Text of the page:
Today the Hollywood movie September Dawn opens in 1000 theaters nationwide. The dramatized portrayal of the Mountain Meadows Massacre–wherein Mormon men massacred 120 emigrants as they peacefully passed through southern Utah in 1857–is unwelcome among Latter-day Saints. The film has been called “controversial” by the news media, but has received stronger condemnation from Latter-day Saints.
For example, the Los Angeles Times reported,
“According to Tom Kimball, a sixth-generation Mormon who is book review editor for the Mormon History Assn., the film has been put on a ‘do not watch’ list by LDS Church officials.
“‘It’s blacklisted already,’ he said.”
The Boston Globe reported,
“‘This is a bit of salacious trash, designed to sensationalize a terribly tragic event and horrible atrocity as well as to exploit current anti-Mormon and anti-religious sentiment that seems to be sweeping through popular culture,’ said Gene A. Sessions, chairman of the history department at Weber State University in Ogden, Utah.”
As of this writing the LDS Church hasn’t released an official statement about the film, but back in February LDS Church-owned KSL-TV reported,
“A movie that hasn’t even been released yet is drawing strong reaction from The Church of Jesus Christ of Latter-day Saints… The church calls it a distortion…”
Nevertheless, September Dawn will likely have its run in American movie theaters. If the film had been made in the 1920s, though, this may not have been the case.
On August 24th 1921 LDS Church President Heber J. Grant wrote a letter to U.S. Senator and fellow Latter-day Saint Reed Smoot. President Grant expressed his deep concern–and that of the LDS First Presidency–over the nationwide distribution and showing of the motion picture “Riders of the Purple Sage,” based on a novel by Zane Grey.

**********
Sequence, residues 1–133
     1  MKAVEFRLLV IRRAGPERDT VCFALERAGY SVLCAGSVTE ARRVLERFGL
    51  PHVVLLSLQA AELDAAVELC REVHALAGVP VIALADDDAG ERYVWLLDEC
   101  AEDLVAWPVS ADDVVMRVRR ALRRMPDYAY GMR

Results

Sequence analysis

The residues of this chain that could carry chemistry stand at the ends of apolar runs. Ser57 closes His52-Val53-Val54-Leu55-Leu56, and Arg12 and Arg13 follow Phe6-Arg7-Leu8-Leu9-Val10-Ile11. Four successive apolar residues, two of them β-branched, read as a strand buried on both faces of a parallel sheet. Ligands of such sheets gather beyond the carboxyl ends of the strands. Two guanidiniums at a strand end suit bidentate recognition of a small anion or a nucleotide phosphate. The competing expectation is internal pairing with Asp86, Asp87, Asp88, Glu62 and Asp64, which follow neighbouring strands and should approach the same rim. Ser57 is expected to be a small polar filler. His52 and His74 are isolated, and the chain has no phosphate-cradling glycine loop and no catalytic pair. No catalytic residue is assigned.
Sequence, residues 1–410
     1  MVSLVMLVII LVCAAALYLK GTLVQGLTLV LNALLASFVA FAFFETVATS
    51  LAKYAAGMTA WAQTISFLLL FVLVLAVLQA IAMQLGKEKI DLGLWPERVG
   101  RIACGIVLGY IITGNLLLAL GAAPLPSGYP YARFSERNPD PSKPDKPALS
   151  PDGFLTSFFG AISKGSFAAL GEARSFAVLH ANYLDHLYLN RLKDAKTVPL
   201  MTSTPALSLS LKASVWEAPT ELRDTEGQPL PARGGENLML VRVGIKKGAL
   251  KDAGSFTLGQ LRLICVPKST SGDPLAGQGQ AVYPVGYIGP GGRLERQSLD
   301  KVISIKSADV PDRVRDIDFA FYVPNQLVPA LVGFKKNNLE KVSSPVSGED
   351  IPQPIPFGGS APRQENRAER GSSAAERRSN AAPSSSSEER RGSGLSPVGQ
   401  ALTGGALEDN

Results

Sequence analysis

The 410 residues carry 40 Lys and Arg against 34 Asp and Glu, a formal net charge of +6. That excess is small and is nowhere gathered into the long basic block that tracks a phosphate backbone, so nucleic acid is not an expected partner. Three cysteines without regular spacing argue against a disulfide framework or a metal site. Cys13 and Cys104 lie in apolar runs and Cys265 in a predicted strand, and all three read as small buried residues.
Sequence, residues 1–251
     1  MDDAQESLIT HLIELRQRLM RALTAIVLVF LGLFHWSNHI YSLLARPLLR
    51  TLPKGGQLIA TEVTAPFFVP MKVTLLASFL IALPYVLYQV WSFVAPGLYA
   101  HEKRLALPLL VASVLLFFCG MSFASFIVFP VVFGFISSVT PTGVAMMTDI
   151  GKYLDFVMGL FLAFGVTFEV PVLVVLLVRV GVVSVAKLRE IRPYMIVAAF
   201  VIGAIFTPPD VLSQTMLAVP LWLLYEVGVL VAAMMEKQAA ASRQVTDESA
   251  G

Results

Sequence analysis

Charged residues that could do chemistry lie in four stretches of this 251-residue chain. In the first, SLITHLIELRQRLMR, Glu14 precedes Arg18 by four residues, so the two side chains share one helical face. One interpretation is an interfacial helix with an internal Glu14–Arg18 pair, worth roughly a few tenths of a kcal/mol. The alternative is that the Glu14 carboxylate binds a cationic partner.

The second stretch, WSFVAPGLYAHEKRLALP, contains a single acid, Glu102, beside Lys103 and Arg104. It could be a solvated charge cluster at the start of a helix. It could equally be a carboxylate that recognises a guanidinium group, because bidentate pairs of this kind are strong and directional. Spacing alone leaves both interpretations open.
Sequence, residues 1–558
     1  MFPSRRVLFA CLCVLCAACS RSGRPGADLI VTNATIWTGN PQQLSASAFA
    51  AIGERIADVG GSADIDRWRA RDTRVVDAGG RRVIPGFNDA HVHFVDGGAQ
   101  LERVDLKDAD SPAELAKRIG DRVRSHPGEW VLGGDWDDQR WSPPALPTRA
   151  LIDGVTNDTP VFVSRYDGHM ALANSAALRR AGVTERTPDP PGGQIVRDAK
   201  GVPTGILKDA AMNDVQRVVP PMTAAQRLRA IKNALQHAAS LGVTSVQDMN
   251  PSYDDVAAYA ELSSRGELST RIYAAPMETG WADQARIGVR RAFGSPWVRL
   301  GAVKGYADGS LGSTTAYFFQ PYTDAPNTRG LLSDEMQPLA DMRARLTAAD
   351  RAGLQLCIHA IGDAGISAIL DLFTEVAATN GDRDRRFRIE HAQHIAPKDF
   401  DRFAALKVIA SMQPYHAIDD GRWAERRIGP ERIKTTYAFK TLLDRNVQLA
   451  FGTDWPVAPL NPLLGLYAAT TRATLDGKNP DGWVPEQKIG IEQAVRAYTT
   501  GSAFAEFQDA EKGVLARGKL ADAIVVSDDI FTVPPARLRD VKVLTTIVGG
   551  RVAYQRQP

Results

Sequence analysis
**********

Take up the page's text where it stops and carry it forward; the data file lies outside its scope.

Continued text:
The Church considered the movie’s portrayal of LDS history to be “scandalous.” President Grant praised Senator Smoot,
“I am also very glad to note that you have taken up the matter of preventing the motion picture houses from showing Zane Grey’s novel ‘Riders of the Purple Sage.’ Thru the efforts of the Commercial Club here and also others who have endeavored to have this stopped, I am informed that the picture is no longer passing censorship in the State of Michigan. I sincerely hope that it will not be necessary to bring suit in this matter.
“Don’t you think that if it could get to the National Board of Motion Picture Review that litigation is likely to follow if exhibition of this scandalous picture is not prohibited that good results might obtain? It would seem to me that large damages could be collected and I don’t know but that the advertising we would get might be beneficial. Sometimes I think we are too passive and do not defend ourselves as we should against such onslaught.” (Messages of the First Presidency 5:203)
A few weeks later President Grant again wrote Senator Smoot:
“I have read with very much interest the manner in which you succeeded in having the objectionable picture entitled ‘Riders of the Purple Sage’ by Zane Grey and which was produced by the Fox Film Corporation eliminated from the screen and I assure you that I am very grateful for your efforts in this direction and much gratified at the result.” (Messages of the First Presidency, 14 September 1921, 5:204)